• Article

Differences in time to injection onset by drug in California Implications for the emerging heroin epidemic

BACKGROUND: Heroin use is increasing in the US. Heroin use may predispose users towards injection routes of drug administration as compared to other illicit substances.

OBJECTIVE: To explore the relationship between heroin use and drug injection, we compared time from first use to first injection (referred to as time to injection onset by drug [TTIOD]) of heroin, methamphetamine/speed, cocaine, and crack cocaine among people who inject drugs (PWID).

METHODS: Age of first use and first injection by drug was collected from 776 PWID. Survival analyses were used to determine TTIOD and to examine demographic factors associated with TTIOD. Cox regression analysis was used to determine demographic factors associated with drug-specific injection onset.

RESULTS: The eventual injection onset rate by the drug was 99% for participants who used heroin, 85% for participants who used methamphetamine/speed, 80% for participants who used powder cocaine, and 38% for participants who used crack cocaine. Hazard ratios for injection use within one year of first use by drug were: 1.37 (median survival time [MST] = 0.61 years) for heroin, 0.66 (MST = 1.10 years) for methamphetamine/speed, 0.50 (MST = 2.93 years) for powder cocaine, and 0.12 (MST = 39.59 years) for crack cocaine. Demographic differences in TTIOD were found for each drug. Demographic differences were found for eventual injection by drug for all substances except heroin.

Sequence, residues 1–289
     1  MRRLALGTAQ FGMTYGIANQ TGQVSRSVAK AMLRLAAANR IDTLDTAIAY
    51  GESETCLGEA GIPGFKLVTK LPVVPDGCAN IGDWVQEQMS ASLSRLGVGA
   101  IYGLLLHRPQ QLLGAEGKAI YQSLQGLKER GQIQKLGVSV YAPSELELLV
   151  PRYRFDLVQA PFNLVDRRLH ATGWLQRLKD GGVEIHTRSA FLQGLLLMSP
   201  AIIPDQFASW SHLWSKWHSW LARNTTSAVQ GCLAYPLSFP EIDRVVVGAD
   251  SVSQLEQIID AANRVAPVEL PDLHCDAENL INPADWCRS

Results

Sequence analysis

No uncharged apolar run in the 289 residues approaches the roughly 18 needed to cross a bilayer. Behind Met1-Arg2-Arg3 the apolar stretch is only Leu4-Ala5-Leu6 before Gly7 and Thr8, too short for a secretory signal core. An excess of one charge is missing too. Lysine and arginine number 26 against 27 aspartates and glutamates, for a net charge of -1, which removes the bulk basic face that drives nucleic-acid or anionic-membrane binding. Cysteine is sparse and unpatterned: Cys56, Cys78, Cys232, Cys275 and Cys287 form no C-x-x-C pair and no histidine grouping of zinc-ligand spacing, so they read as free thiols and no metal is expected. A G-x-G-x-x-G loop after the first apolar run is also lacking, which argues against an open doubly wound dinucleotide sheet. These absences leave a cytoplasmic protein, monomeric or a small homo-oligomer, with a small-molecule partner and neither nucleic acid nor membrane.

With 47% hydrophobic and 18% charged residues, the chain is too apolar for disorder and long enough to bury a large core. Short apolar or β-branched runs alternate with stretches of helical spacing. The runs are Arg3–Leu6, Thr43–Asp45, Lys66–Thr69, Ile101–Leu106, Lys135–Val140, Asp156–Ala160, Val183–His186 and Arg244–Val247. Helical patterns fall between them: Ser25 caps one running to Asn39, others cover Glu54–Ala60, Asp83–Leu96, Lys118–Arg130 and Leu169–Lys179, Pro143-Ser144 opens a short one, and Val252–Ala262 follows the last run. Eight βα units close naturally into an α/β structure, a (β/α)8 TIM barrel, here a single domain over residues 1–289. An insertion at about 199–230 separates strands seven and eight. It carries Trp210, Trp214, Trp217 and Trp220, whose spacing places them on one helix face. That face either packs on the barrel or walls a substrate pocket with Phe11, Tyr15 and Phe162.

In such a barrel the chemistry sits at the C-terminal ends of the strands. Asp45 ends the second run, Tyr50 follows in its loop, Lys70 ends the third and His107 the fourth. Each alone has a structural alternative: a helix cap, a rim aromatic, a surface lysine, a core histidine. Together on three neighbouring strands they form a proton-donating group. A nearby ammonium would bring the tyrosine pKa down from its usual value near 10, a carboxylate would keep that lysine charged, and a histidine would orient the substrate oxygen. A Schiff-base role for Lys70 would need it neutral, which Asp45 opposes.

CONCLUSION: Among PWID, heroin use was associated with a more rapid transition to injection and a higher rate of eventual heroin injection regardless of demographics. More robust, innovative efforts to reduce heroin use and prevent injection initiation are urgently needed.


Bluthenthal, R. N., Chu, D., Wenger, L. D., Bourgois, P., Valente, T., & Kral, A. H. (2018). Differences in time to injection onset by drug in California: Implications for the emerging heroin epidemic. Drug and Alcohol Dependence, 185, 253-259. https://doi.org/10.1016/j.drugalcdep.2018.01.005